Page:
by Patrick Appel
Stratfor's analysis focuses on Ahmed Shafiq, who Mubarak just named as Prime Minister:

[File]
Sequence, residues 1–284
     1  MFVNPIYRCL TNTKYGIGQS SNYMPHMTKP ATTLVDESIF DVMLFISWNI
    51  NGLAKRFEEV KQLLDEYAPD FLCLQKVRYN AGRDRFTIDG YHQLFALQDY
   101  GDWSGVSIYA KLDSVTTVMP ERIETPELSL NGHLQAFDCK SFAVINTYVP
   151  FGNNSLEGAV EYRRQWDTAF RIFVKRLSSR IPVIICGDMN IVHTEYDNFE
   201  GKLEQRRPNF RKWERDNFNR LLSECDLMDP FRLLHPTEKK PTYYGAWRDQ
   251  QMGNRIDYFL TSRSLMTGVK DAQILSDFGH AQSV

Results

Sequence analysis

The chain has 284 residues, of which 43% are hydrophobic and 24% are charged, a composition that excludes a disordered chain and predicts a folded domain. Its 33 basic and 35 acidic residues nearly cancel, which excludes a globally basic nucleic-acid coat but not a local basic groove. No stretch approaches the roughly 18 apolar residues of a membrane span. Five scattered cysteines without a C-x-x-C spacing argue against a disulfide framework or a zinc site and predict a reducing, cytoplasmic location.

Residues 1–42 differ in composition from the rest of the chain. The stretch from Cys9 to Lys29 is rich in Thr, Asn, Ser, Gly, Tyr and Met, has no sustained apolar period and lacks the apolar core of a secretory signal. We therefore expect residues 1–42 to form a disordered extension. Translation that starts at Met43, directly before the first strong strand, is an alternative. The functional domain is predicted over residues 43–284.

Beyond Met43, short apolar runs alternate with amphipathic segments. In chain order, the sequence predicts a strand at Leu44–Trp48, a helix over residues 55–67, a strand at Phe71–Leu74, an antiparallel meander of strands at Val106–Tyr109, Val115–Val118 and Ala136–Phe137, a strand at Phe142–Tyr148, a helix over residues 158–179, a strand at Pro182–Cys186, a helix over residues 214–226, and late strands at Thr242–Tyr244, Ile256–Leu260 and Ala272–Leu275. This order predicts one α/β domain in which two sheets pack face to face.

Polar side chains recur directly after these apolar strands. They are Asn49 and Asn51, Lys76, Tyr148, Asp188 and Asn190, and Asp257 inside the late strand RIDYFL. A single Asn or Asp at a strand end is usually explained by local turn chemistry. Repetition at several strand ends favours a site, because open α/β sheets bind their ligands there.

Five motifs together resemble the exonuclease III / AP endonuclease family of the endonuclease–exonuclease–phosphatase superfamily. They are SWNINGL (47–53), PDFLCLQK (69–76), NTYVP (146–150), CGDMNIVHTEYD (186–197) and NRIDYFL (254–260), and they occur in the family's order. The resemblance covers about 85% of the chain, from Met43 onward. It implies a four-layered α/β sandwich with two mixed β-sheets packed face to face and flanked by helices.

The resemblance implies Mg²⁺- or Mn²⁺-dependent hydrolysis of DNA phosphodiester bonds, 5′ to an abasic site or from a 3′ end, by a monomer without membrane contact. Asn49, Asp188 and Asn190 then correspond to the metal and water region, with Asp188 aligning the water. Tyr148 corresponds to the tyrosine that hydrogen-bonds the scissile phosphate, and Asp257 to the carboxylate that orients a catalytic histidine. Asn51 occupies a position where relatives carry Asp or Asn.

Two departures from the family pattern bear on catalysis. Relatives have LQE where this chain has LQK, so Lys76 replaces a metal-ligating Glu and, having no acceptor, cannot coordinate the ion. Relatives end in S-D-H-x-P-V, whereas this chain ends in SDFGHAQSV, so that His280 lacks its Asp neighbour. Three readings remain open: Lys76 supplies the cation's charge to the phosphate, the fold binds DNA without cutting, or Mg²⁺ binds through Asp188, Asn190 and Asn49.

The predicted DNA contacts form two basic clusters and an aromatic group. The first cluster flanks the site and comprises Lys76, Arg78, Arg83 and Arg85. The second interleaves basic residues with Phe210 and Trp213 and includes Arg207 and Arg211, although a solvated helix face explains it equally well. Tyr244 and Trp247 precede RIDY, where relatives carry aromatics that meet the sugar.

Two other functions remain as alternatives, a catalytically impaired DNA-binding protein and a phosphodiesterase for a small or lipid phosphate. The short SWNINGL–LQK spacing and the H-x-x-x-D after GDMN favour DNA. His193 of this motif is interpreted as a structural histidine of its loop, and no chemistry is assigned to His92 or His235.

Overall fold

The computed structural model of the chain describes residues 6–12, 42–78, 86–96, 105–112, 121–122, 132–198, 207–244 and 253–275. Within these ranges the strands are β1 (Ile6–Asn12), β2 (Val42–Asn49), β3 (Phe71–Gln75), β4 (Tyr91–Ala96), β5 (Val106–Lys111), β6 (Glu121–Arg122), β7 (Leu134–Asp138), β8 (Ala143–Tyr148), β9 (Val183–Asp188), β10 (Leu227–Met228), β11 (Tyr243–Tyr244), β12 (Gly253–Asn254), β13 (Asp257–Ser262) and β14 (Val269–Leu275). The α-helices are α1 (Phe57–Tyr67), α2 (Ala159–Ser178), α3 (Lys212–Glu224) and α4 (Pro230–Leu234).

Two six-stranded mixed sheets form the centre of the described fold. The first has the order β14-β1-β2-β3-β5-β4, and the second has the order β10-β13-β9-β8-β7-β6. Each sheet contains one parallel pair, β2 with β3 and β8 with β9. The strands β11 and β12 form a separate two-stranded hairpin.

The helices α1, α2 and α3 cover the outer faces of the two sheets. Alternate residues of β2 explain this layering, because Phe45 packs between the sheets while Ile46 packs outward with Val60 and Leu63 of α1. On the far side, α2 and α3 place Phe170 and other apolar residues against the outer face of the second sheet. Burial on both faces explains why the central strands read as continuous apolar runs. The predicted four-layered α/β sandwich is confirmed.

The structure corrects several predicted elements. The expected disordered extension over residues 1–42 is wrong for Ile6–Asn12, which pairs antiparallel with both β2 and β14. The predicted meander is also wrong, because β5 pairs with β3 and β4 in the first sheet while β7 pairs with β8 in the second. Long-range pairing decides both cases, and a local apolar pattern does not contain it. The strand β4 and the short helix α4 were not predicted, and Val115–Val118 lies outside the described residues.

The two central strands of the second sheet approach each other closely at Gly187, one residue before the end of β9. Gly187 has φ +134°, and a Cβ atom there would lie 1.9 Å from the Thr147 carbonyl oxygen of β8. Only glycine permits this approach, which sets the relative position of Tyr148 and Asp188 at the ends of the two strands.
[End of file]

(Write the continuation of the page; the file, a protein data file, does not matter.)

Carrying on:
Mubarak is essentially accelerating a succession plan that has been in the works for some time. STRATFOR noted in December 2010 that a conflict was building between the president on one side and the old guard in the army and the ruling party on the other over Mubarak’s attempt to create a path for his son Gamal to eventually succeed him. The interim plan Mubarak had proposed was for Suleiman to become vice president, succeed Mubarak and then pass the reins to Gamal after some time. The stalwart members of the old guard, however, refused this plan. Though they approved of Suleiman, they knew his tenure would be short-lived given his advanced age. Instead, they demanded that Shafiq, who comes from the air force the most privileged branch of the military from which Mubarak himself also came be designated the successor. Shafiq is close to Mubarak and worked under his command in the air force. Shafiq also has the benefit of having held a civilian role as minister of civil aviation since 2002, making him more palatable to the public.